GM ponders Corvette supercar

High-priced competition
A sampling of 2001 2-passenger performance and luxury cars priced above $100,000
Ferrari 360 Modena convertible $161,475
Aston Martin DB7 Vantage coupe $148,050
Mercedes-Benz SL600 $132,195
BMW Z8 convertible $130,745
Porsche Turbo coupe, H-6 $113,176
Note: Price includes gas-guzzler tax and transportation cost.

MONTEREY, Calif. — General Motors is considering a second nameplate for the Corvette — a high-horsepower model with a $100,000 sticker.

The new car, distinctly different from today’s Corvette, would put Chevrolet head to head with such sports car heavyweights as Aston Martin, Ferrari and Porsche. But some strategists at GM fear that a second car under the Corvette banner could hurt the brand.

“We are considering a Corvette supercar with a big ramp-up in horsepower, (and a) big ramp-up in

using unique materials,” said Ron Zarrella, president of GM North America. He gave no timetable for when a decision would be made.

Zarrella was interviewed at a press preview for three concepts that GM will unveil next year. One of the concepts, the Cadillac Cien, is a mid-engined, two-passenger sports car with an experimental V-12 engine producing 750 hp and 450 pounds-feet of torque. GM executives at the event said there are no plans to produce the Cien or the V-12 engine.

But asked whether materials, components, an engine or platform could be shared by a Cadillac and Corvette supercar, Zarrella said, “It’s a possibility, but we haven’t gotten that far yet. We’ve got folks looking at, if we wanted to do a $100,000 supercar for Corvette, what would that look like?”

The Lutz factor

A new factor in the discussion is Robert Lutz, GM’s recently hired vice chairman and product czar. He will have a big voice in any discussions about adding a second car to the Corvette brand.

Lutz was part of the team at Chrysler Corp. that created the Dodge Viper, a low-volume halo car priced at $70,000. But Lutz also prides himself in his cost discipline.

The $100,000-plus two-passenger car category is crowded with European brands. Some cars are geared to luxury and comfort, like those from Mercedes-Benz and BMW, while others, such as Porsche and Ferrari, are aimed at superior performance.

At the high end will be the Mercedes-Benz Vision SLR, which bows in late 2002 or early 2003. It will be priced in the $350,000 range. The car is being developed at McLaren, Mercedes’ racing partner in Woking, England.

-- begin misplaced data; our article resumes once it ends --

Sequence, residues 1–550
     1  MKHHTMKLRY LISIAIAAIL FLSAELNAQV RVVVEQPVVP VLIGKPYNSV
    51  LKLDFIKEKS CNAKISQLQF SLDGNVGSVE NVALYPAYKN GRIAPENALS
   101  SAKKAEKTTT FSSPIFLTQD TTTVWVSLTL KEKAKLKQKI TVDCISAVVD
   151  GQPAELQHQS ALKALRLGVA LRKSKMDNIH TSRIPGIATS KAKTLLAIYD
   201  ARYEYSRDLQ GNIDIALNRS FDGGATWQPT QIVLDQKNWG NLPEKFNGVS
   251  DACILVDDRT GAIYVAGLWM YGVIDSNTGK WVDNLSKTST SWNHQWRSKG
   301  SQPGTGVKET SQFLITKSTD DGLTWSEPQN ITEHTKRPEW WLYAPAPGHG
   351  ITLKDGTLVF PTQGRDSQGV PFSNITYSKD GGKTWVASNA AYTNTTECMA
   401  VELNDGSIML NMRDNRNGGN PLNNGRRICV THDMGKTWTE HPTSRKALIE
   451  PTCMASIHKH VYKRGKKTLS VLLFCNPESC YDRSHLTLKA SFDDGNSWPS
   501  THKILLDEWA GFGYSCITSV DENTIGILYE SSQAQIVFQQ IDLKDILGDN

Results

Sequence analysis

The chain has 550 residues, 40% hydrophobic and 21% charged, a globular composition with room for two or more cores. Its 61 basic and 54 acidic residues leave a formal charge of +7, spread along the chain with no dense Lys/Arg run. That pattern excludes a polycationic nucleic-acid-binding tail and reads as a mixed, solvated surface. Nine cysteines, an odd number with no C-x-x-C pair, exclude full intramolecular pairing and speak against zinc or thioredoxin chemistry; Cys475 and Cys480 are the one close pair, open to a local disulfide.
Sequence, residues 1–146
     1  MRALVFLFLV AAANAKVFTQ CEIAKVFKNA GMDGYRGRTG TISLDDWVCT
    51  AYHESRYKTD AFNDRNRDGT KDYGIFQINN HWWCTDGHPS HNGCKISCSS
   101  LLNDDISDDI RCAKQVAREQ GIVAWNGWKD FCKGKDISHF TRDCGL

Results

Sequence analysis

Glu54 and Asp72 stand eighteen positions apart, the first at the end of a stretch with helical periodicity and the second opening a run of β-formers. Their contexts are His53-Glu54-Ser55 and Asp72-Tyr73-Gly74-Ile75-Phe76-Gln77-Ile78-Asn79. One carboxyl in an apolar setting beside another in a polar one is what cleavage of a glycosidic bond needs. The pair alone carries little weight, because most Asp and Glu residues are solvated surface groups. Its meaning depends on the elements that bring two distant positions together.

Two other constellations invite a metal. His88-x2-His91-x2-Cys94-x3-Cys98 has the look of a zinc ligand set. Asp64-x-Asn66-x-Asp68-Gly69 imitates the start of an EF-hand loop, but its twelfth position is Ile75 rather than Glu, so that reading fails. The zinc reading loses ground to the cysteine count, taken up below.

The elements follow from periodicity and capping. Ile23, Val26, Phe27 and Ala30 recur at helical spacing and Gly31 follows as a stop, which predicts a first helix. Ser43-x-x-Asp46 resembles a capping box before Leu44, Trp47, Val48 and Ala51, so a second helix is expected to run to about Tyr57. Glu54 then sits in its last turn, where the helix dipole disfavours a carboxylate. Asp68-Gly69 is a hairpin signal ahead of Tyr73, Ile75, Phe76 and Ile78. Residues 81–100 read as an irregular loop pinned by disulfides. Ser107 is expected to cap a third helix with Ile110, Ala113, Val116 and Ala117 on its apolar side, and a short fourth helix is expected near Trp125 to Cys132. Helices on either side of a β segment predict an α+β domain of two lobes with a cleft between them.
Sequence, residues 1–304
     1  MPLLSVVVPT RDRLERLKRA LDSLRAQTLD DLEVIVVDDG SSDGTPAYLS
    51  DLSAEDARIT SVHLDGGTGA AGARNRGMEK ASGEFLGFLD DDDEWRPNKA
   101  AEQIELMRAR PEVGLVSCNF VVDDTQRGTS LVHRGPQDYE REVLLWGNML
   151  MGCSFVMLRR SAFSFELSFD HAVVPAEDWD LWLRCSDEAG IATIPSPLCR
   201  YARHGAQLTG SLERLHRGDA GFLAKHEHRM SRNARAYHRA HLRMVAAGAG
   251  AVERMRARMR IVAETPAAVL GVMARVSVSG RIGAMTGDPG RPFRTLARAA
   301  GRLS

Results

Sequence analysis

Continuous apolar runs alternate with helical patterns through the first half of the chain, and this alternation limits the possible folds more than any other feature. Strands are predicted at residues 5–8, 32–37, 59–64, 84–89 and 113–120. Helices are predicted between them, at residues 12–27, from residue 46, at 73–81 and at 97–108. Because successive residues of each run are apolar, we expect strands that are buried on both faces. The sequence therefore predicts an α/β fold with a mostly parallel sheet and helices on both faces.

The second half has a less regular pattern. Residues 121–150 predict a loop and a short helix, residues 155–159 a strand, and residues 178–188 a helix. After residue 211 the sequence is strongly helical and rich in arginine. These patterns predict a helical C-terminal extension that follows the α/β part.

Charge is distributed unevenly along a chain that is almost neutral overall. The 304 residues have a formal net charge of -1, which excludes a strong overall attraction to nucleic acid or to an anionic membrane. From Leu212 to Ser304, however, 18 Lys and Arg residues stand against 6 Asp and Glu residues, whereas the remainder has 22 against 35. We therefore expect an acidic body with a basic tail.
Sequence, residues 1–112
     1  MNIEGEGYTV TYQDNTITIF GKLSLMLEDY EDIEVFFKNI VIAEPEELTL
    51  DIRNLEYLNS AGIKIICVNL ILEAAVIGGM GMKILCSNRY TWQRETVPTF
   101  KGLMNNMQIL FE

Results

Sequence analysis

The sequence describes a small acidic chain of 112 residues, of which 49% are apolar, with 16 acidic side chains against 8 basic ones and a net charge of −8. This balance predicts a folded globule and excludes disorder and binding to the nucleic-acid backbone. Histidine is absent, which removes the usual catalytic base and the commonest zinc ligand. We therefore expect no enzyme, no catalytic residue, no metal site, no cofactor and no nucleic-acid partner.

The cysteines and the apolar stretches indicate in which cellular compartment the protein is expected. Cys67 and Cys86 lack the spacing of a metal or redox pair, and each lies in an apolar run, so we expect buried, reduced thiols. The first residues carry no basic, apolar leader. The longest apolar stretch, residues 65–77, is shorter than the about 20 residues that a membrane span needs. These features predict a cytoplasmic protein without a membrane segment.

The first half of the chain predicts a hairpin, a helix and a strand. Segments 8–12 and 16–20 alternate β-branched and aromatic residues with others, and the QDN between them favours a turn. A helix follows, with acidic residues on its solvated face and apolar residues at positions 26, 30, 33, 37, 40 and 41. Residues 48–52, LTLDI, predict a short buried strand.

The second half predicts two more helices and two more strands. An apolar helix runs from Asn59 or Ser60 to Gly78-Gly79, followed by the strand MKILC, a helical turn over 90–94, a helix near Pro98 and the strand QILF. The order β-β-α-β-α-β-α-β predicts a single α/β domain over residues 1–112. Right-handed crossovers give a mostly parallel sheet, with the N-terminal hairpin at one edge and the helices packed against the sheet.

In addition, Porsche is eyeing a production version of the Carrera GT concept with an estimated price above $300,000.

Zarrella said various platforms and engine configurations are being considered for the Corvette supercar. One possibility is using the next-generation Corvette, which bows in 2004. The redesigned Corvette will share an architecture with the 2004 Cadillac XLR, a two-passenger roadster based off the Evoq concept.

Cause for concern

Zarrella said there are serious concerns about expanding the Corvette brand.

On one hand, there “is the strength of the Corvette brand and the strength of the Corvette product,” he said. But GM has “limited resources, and there are sets of priorities for those resources. Do you really want to move that up to the top of the list?”

He also worries about harming the Corvette’s image.

“The second part of that discussion is that you introduce an element of risk every time you do that with a brand. Corvette has had one very unique, very focused position for a long time,” Zarrella said. “Do you risk watering down that position by expanding it, or do you keep it as an icon brand within General Motors focused on the kinds of vehicles that it is known for?”

More power

GM tinkered with the Corvette brand in recent years, which showed customers’ thirst for more power and performance.

When the current generation Corvette bowed for the 1997 model year, GM intended later to add a lower-priced model with less equipment and possibly a less powerful V-8. But the 1997 Corvette and subsequent models exceeded sales expectations, and GM did not introduce the less expensive version.

In fact, GM discovered enthusiasts were willing to pay extra for more power and handling enhancements, and the automaker responded with the Corvette Z06. It debuted for the 2001 model year with a 385-hp engine, along with handling and stability enhancements. It carried a $47,500 sticker price including transportation.

By comparison, the base 2001 Corvette coupe has 350 hp and a $40,925 sticker price.

The automotive press and Corvette enthusiasts quickly endorsed the Z06, calling the car a bargain for that price.

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